"I'll make sure he stays inside."
There were a few moments of silence while Click wondered whether she was being serious or not. "How are you going to do that?"
A twisted little smile moved swiftly to claim Julia features. "I know the right people. There's no wrong people or anything, but certain right ones can do whatever needs doing. Pain in the arse that he is, my cousin has a lot of sway wherever he wants to use it. He won't be happy when he hears that I've been attacked. In fact, I'm willing to bet a lot of money he'll fire whoever tried it on the spot, if he doesn't make sure that the idiot never escapes. There'll be a lot of anal rape in our Dim's future."
This actually made Click smile, despite the echoes in his ears of his mother's last words. "That's quite handy, you know," he told her. "I've never had the power to fire anybody, no matter how much I wanted it or how much it was needed. If I'd made a stupid mistake like firing somebody when I couldn't really do it, I'd seem ridiculous if that person didn't end up without a job."
"I know where you're going with this, and if you even hint at the idea that me being attacked is convenient for you, I'll take pieces of your brain out through your nose."
This made Click stop talking.
Together, they started to walk away, down the corridor and towards the lift. She had told him on the phone that Jerry's family were on the way from a little farther out of town, so he wasn't likely to be alone for too long. Neither of them were particularly attached to him, and certainly neither felt more important than a potential family member, so they walked calmly away, in silence rather than idle conversation. It wasn't until they were both riding the lift down that Click realised what he was avoiding saying.
"You're leaving now, aren't you?" he asked her, glad that the two of them were alone there.
"Yes," answered Julia, without hesitation, "I don't really want to be here anymore. I did what I could, and now I'm going back to work. I don't exactly fit in here. The rock star world doesn't suit me. Honestly, before all this I thought the cry-baby Taylor brother was bad; this is just ridiculous."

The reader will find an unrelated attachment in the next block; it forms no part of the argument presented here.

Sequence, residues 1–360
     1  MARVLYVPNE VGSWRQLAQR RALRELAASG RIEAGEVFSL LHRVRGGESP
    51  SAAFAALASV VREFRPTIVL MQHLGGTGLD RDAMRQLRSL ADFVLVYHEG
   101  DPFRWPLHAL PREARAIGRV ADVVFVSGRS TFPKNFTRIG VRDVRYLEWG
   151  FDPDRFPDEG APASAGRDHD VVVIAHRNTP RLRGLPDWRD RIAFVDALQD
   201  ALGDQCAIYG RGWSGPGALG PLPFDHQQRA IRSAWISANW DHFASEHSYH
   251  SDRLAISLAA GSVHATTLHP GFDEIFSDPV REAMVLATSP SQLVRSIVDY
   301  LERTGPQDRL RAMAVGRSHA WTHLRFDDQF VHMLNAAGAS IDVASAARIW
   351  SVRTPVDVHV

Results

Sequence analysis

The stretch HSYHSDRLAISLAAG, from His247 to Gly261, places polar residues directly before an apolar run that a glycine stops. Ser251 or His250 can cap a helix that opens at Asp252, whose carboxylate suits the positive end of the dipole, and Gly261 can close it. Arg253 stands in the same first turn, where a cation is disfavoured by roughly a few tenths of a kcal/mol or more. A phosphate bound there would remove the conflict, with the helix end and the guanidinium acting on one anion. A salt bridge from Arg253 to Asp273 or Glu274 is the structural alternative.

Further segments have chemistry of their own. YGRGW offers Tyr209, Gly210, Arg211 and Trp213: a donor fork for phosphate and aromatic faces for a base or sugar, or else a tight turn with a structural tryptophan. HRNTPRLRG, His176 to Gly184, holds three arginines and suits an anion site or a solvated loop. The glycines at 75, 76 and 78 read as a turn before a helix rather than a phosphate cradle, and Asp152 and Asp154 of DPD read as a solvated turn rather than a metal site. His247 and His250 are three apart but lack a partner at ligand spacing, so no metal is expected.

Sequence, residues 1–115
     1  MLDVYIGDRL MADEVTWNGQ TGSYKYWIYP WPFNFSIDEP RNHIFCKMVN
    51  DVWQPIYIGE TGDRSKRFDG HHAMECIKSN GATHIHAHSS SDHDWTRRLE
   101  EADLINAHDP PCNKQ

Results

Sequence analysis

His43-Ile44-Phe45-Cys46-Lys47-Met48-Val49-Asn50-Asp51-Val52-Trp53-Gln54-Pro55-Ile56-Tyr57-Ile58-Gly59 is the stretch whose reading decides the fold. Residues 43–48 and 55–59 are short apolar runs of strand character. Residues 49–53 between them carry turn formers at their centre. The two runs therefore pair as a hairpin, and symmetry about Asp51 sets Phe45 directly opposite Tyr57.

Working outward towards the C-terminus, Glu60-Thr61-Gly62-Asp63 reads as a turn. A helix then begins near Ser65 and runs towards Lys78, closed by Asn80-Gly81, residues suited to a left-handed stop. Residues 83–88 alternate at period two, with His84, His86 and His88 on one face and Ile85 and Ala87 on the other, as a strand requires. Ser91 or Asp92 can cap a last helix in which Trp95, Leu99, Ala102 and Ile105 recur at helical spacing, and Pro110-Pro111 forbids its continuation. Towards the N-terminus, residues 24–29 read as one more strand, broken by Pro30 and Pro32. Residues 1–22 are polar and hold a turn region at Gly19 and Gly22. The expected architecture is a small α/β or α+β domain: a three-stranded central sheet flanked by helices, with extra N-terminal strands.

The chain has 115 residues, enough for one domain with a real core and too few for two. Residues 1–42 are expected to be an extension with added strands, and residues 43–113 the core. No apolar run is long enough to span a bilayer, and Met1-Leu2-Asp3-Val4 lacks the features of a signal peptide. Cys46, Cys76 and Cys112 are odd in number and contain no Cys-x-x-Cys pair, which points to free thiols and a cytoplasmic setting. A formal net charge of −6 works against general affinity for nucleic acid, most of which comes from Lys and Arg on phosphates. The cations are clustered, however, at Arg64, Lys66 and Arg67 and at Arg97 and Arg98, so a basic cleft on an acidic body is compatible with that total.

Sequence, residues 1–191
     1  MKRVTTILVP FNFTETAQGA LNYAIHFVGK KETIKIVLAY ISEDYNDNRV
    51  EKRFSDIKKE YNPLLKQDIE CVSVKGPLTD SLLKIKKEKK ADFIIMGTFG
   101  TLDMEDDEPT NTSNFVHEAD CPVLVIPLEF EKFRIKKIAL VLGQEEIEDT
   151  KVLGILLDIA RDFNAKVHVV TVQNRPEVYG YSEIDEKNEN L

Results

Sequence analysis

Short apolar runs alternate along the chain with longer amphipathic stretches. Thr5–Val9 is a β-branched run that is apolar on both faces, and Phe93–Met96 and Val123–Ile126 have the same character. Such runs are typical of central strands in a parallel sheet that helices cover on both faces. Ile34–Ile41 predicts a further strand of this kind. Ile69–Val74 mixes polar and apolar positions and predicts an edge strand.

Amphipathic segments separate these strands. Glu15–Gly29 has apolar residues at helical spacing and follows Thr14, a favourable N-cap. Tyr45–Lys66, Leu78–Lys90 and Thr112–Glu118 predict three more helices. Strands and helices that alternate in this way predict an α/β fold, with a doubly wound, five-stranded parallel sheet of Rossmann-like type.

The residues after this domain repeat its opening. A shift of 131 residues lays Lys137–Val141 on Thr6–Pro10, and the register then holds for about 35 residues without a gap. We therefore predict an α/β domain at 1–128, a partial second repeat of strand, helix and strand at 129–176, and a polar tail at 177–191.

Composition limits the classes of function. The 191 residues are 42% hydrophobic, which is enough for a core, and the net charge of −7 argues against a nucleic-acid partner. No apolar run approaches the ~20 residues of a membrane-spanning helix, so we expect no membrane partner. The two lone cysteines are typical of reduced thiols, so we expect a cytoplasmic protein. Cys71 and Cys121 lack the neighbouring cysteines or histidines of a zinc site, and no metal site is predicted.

Click muttered a sarcastic laugh before speaking again. "This isn't the rock star world, miss, this is the world of the wannabe fanatics. This is where music fans go to fake it and pretend they're more than they are. This is where mediocre becomes talent, and boredom becomes vocation. At least you can escape it; I have to call it life. I don't even know why I came here."
"Cooper offered you a gigantic salary."
"Well, everybody does have a price after all."
Julia let out a teasing laugh before responding. "At least you admit it. Most of our staff will insist on claiming that they do it all for love of the work. The sad fact is that money is why everybody does everything. They don't want the life, they want the lifestyle, and that means the money."
There was another pause in conversation as the topic died down. Quite abruptly, Click found himself unsure of what to say.
As the lift door opened on the ground floor, Click was greeted by the shadow of Joshua Curwen passing him by. A memory now, this boy continued to haunt the corridors, moving quickly in the hopes of finding the person that he was still looking for.
"Was I everything that you wanted?" Julia asked.
Easily understanding her meaning, Click ignored the passing of his younger self so that he could offer a smile to his companion. "Everything and more," he answered. "You did me a lot of big favours, and those are the sort of things you never quite forget. Besides, you do have a nasty habit of forcing confidence into people."
"It's a gift and a talent beyond mediocre," said Julia, oddly optimistic for her. "I hope you don't forget those favours, because you're right, there are a lot of them."
They strode calmly through the waiting room just inside of the entrance to the hospital building, once again in silence because Click had no idea what to say. Considering what he had told her about confidence, he suddenly lacked it completely.
She stopped at the automatic doors and, pulling her glasses away from her face, began to wipe them absent-mindedly with the hem of her blouse. With fresh air coming in from the open doors to defend him from the smell of death and emptiness, Click instead found himself assailed with the smell of the alcohol that she had been drinking before the sun had decided to rise.
"Well don't get shot or anything," ordered Julia without looking up. "I expect to hear good things from you, or you'll be put under review and get fired, so don't be s--t."
Click tried to come up with something in response, but Julia had already turned away from him and started to walk towards one of the many taxis laid out for her to choose from.
She slipped out of his life as smoothly as she had come, with many a bump and bruising. Somehow, it felt just about right. As the car pulled away, and her blonde hair vanished from sight, one last shadow from this place came into view on the bench in the park just across the road from the hospital entrance. There, young Joshua Curwen cried. It was utterly pathetic.